So in other words, the GM bailout basically screwed the American taxpayer.  So the president could reward a political ally.  That will repay his kindness in campaign contributions.  And votes.  Which he desperately needs because his stewardship of the economy is worse than Jimmy Carter’s.

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The 2011 Earthquake and Tsunami both Helped GM and Hurt the Economy

Posted by PITHOCRATES - August 5th, 2012

Week in Review

Sadly for President Obama and GM the Japanese have recovered from the 2011 earthquake and tsunami.  And GM has to face some formidable competition once again (see More Bad News for Obama: A Slump at GM by Rick Newman posted 8/2/2012 on U.S News & World Report).

The downshift seems to have scotched any notion of the government selling its stake in the company prior to the November elections, since that would amount to a taxpayer loss of roughly $17 billion, and a major embarrassment for Obama. The government can hold onto its shares as long as it likes, and sell when the price is high enough to get all its money back. But the stock would have to hit about $53 for Uncle Sam to break even—a threshold that seems a long way off…

One reason GM has lost market share this year has been the resurgence of Toyota, Honda and Nissan, after the 2011 earthquake and tsunami disrupted production and temporarily boosted the market share of Japan’s competitors…

Funny.  For the 2011 earthquake and tsunami was responsible for America’s lingering recession.  According to President Obama.  And here it was propping up GM and all the economic activity it generated.  Which was why the government bailed out GM.  To save jobs.  And all of that economic activity GM created.  So if the 2011 earthquake and tsunami was responsible for propping up GM why didn’t it prop up the rest of the economy?  Like Japan’s Lost Decade helped Bill Clinton’s economy during the Nineties?  Simple.  Because President Obama’s economic policies are just that bad.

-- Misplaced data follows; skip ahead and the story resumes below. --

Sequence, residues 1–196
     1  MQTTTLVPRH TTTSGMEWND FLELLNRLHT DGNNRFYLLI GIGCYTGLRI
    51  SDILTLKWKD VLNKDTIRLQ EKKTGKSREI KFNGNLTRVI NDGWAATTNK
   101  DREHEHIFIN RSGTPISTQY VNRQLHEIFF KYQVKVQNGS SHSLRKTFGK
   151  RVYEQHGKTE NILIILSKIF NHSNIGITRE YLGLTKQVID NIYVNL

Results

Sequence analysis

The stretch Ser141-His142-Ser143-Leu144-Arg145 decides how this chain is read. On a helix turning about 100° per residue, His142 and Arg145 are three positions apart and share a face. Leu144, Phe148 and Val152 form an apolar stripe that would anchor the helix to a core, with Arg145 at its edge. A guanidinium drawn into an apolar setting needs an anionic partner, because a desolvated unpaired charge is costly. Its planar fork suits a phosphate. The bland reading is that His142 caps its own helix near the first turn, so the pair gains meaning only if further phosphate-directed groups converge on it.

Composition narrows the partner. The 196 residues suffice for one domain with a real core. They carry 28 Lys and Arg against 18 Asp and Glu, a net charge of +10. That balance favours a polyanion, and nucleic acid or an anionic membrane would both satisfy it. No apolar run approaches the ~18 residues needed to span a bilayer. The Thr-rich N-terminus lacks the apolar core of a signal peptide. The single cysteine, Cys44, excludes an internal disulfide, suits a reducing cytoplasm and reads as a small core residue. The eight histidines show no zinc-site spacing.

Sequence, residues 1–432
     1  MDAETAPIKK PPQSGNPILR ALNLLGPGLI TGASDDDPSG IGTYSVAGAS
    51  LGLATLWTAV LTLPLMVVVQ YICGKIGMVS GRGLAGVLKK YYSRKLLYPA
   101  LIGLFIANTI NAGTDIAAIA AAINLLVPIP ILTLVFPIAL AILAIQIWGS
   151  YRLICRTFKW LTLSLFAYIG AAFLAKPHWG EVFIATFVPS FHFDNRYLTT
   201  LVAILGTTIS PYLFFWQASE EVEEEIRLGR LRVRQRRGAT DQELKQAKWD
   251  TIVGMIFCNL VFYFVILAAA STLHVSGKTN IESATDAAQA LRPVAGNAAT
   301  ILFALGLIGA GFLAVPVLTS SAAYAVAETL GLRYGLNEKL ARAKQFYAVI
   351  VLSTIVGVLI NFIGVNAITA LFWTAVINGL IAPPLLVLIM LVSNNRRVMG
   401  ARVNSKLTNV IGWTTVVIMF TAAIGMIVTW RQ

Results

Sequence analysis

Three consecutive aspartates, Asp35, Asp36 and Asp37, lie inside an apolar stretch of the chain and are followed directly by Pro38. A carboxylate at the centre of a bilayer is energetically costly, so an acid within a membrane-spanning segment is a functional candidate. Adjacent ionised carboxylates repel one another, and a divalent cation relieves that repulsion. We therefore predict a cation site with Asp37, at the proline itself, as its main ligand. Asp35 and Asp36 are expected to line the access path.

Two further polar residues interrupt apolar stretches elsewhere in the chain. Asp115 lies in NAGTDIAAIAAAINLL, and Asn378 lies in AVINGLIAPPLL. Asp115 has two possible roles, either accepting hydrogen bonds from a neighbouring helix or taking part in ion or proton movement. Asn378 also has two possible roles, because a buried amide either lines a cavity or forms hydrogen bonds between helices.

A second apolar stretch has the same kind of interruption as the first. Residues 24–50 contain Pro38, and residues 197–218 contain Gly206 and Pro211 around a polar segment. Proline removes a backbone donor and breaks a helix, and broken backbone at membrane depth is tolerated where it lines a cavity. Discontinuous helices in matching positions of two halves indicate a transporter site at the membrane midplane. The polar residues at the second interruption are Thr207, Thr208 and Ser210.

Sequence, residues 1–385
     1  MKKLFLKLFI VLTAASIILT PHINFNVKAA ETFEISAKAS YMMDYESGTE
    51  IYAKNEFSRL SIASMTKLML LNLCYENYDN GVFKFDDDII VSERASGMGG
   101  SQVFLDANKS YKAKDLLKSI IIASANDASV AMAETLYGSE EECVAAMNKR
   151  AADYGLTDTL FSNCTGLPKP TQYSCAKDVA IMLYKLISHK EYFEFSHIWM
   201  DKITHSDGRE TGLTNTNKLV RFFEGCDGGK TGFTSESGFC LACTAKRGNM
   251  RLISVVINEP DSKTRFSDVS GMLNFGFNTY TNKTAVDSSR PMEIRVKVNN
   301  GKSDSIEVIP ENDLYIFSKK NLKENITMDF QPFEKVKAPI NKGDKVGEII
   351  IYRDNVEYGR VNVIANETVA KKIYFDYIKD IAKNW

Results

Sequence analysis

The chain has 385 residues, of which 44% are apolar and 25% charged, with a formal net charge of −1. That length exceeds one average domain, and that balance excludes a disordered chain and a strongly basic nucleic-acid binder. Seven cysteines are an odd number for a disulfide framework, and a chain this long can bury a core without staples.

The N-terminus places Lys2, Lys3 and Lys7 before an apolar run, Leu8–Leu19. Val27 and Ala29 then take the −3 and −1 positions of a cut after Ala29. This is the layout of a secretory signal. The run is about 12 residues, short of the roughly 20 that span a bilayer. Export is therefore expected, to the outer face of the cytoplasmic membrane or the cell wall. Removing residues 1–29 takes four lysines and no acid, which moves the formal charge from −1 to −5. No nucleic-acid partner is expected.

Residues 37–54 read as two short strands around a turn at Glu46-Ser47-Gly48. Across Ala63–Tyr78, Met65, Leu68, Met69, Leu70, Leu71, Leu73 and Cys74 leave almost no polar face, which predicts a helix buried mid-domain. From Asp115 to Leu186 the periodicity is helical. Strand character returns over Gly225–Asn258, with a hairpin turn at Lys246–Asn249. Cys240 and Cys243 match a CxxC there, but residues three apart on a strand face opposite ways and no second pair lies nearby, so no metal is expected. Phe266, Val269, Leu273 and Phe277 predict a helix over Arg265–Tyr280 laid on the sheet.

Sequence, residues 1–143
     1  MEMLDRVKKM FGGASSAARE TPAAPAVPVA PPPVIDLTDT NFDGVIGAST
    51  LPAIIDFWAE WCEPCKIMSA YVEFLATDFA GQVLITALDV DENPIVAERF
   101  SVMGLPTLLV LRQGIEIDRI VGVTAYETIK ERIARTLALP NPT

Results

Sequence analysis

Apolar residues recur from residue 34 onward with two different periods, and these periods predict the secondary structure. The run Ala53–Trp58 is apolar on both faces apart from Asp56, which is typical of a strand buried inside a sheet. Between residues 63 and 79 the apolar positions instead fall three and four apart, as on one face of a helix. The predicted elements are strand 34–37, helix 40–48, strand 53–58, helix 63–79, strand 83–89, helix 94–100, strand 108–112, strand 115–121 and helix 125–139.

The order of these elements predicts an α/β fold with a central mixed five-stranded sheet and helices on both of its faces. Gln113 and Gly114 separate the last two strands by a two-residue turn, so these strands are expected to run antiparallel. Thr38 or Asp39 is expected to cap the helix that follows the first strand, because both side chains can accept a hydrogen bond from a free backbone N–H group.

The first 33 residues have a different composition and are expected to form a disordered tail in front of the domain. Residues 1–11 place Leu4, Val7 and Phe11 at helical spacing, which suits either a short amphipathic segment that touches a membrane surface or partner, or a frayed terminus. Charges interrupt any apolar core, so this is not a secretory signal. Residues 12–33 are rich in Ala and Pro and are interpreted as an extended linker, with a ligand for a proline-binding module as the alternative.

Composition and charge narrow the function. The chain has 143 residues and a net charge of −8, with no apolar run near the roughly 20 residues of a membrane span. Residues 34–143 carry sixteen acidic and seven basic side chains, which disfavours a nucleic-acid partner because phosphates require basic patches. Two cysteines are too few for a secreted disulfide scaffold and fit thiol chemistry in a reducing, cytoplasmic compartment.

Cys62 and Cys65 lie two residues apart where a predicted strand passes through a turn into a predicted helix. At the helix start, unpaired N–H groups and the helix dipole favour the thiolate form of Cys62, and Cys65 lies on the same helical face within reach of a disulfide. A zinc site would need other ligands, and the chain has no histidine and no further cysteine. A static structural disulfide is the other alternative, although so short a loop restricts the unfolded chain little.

GM will probably regain some momentum in 2013, when it rolls out its next generation of large SUVs, which are usually highly profitable. Meanwhile, Cadillac is on a roll, thanks to the new ATS compact, the XTS large sedan, and improving quality ratings. Chevrolet has three new models out or on the way—the Malibu and Impala sedans and the Spark subcompact—and a refreshed version of the popular Traverse crossover is coming next year as well…

Nobody would like to see the government sell its stake in GM more than GM. CEO Dan Akerson has complained about the company’s unhappy status as a political football, and the toll that takes on sales and morale. But he’s probably going to have to put up with it for a good while longer.

The car President Obama wanted Government Motors, I mean, General Motors to build is not even mentioned in this article.  The Chevy Volt hybrid.  Which is conspicuous by its absence.  Instead they mention the things his administration opposes.  SUVs.  And large sedans.  Vehicles the American people want to buy.  Perhaps encouraging GM to build something the American people didn’t want to buy also had something to do with GM’s falling stock price.

Perhaps it would be best for the government to sell its shares now.  Even at a loss.  So GM can run the car company.  And not politicians who don’t know the first thing about running a car company.  Ending his war on the stuff that makes these cars run, refined petroleum, would help, too.  A lot.  By bringing the cost of gasoline down.  Helping GM to sell more of the vehicles people want to buy.  Doing these things would help the economy more than 2011 earthquake and tsunami helped it.  Now that would be smart government.  Sadly, something we just don’t see much of these days.